License overview
Martin LeBlanc avatar
Written by Martin LeBlanc
Updated over a week ago

This article explains the different licenses available on Iconfinder and responds to FAQs about licenses. For a quick overview of Dos and Don'ts with licenses, please see this license overview table.

How to know what license agreement an icon has? 

When you click on an icon in the search results, information about the icon appears. Here you can see the license agreement. You will be able to find the license agreement on the icon page. Click on the license to read full terms.

What does commercial use mean?

Commercial use refers to income-generating use of any kind, whether direct or indirect.

Is there a way to use "Free for personal use" icons for commercial purposes?

Unfortunately, if an icon has been set as free for personal use, you may use it only for that purpose. However, the icon designer (the copyright owner) may give you permission to use the icon in a commercial way. Please write to the icon designer to get to an agreement over the use of the icon you are interested in.

Can I acquire a commercial use license for an icon if I pay for it?

Paying for an icon doesn't change the license agreement for the icon in question. Again, the best way to know if you can do this is by contacting the copyright owner and asking for permission to use the icon for a commercial purpose. Read about How to message an icon designer

Can Iconfinder give you permission to use an icon for purposes different from the ones specified in the license agreement?

The answer is no. Iconfinder cannot by-pass the license agreement that the icon designers have established for their icons. Only the copyright owner can give permission to do this.

Can I modify a “free for commercial use” icon before using it for commercial purposes?

Yes, you can. Please see the license overview at the beginning of the article for more information.

How do I know when I have to credit the icon designer?

If you have to credit the icon designer, it will be specified in the license agreement, often mentioned in the license name. As a summary, licenses that have the word "attribution" in their names (mostly Creative Commons licenses) require crediting the icon designer. For the other license types, this is just optional. In general, it is always nice to specify who created the icons you are using, for courtesy.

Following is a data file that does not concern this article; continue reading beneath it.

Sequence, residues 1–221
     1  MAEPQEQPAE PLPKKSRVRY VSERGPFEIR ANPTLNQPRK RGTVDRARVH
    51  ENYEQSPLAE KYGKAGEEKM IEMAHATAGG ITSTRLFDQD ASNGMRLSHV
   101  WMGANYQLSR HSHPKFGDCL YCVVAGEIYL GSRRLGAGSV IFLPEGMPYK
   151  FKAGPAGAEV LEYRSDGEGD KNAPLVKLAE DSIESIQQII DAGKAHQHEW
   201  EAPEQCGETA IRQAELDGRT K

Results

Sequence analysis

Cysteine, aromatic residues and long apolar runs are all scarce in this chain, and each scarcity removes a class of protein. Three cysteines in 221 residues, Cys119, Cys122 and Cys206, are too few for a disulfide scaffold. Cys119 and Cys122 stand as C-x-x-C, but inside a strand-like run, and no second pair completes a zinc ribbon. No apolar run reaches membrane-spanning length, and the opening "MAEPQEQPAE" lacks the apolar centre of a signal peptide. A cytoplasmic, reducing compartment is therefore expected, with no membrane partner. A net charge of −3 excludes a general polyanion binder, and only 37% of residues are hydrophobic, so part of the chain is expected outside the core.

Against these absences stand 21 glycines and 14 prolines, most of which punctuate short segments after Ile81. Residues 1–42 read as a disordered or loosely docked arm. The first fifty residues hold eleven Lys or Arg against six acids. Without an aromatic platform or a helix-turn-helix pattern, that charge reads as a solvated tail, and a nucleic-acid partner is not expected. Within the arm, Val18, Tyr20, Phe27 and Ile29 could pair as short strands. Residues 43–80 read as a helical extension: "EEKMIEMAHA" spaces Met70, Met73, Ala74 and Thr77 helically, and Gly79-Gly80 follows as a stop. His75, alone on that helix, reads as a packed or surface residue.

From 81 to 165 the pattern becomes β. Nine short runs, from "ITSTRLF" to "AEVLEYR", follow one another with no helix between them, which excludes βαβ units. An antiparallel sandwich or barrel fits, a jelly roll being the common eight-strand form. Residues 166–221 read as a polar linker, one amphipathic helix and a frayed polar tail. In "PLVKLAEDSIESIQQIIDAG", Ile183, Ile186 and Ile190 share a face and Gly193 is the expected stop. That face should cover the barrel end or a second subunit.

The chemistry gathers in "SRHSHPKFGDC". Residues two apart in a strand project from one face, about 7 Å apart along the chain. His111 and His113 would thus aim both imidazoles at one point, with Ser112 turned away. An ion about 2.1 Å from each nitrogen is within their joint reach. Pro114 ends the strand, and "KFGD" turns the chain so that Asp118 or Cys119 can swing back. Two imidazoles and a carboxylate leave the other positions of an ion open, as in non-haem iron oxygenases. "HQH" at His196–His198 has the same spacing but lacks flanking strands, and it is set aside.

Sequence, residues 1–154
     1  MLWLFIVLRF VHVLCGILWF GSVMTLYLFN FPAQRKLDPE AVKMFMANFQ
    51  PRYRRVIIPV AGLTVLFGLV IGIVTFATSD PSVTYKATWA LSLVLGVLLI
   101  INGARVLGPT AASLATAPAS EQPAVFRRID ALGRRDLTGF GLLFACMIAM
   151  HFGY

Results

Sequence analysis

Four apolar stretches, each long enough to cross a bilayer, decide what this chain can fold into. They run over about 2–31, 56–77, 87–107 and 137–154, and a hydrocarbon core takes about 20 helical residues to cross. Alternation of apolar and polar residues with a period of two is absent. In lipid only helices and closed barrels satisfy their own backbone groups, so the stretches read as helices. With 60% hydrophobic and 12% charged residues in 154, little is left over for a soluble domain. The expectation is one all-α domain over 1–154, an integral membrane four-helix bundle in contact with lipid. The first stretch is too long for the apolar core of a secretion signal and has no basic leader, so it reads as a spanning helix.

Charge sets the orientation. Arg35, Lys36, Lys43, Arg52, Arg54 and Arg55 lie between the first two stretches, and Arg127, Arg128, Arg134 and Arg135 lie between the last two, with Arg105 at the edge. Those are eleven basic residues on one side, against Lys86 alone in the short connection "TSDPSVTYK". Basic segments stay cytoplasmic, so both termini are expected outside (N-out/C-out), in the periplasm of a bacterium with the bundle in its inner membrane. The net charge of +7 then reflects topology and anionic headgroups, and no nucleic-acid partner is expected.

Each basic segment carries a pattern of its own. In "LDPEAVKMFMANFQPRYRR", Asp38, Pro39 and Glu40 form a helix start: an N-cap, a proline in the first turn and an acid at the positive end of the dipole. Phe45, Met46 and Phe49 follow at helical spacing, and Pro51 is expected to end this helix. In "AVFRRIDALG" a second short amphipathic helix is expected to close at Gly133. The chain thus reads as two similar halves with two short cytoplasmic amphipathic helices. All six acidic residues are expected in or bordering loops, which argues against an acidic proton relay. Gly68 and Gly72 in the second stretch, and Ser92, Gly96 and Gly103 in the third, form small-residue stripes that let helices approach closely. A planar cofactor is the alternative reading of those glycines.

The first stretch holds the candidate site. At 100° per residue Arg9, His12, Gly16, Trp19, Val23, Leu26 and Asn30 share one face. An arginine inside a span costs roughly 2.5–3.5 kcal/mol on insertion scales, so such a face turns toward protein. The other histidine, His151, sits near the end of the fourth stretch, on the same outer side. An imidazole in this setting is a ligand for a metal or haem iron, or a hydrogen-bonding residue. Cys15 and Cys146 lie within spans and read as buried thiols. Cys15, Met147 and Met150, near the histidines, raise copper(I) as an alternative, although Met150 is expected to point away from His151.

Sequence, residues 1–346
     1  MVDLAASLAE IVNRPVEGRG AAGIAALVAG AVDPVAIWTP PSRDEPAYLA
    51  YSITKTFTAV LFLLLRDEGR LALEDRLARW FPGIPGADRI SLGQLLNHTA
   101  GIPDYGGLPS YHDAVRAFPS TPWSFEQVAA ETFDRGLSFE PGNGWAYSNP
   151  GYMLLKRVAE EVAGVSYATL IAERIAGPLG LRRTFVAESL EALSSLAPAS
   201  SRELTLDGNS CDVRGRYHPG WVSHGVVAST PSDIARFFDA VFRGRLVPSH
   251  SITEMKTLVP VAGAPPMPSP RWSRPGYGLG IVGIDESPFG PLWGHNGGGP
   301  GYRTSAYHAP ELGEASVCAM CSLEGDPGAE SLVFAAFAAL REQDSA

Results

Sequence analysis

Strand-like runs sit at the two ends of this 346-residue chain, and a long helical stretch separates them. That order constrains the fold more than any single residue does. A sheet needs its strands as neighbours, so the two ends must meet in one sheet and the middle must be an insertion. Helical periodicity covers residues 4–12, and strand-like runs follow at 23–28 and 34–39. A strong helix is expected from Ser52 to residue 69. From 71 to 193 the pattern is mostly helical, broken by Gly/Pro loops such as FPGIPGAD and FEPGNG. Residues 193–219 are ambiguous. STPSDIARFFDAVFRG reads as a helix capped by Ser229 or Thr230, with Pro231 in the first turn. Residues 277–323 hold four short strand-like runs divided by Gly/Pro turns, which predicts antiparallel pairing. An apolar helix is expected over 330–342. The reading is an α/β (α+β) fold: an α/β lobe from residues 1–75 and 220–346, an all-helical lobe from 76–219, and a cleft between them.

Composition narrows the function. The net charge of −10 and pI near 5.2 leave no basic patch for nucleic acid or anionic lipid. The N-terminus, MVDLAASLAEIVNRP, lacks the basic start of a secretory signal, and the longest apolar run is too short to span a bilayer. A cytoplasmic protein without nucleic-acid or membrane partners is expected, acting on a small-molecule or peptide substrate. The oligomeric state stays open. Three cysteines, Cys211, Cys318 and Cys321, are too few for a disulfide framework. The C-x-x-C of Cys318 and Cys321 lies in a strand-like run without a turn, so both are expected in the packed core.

How to credit the icon designer?

You can do this by including their name and a link to their website or to their Iconfinder page. Here are some good examples of how to credit the icon designer: Best practices for attribution

For how long can you use the icons downloaded on Iconfinder?

You can use the icons downloaded from Iconfinder indefinitely, as long as you abide by the license terms of each icon.

Using icons for a logo is never a good idea. By definition, icons are not unique and what you are looking for is something original that is not being used somewhere else. Icons are protected by license agreements that don't allow you to apply copyright on them, as you would do for a logo.

A solution would be to have someone design an icon especially for you. We have selected our best contributors to do a Custom Icon Design for you. You just need to choose an icon designer whose style you like and submit a design brief. Here you can read about Custom Icon Design and how it works.

Another solution would be to contact the icon designer of an icon you really like and to ask him/her to make a variation of it and to sell it only to you. The icon then needs to be significantly different, so you make sure you are not going to find it somewhere else. You can send a message to the designer directly on Iconfinder.

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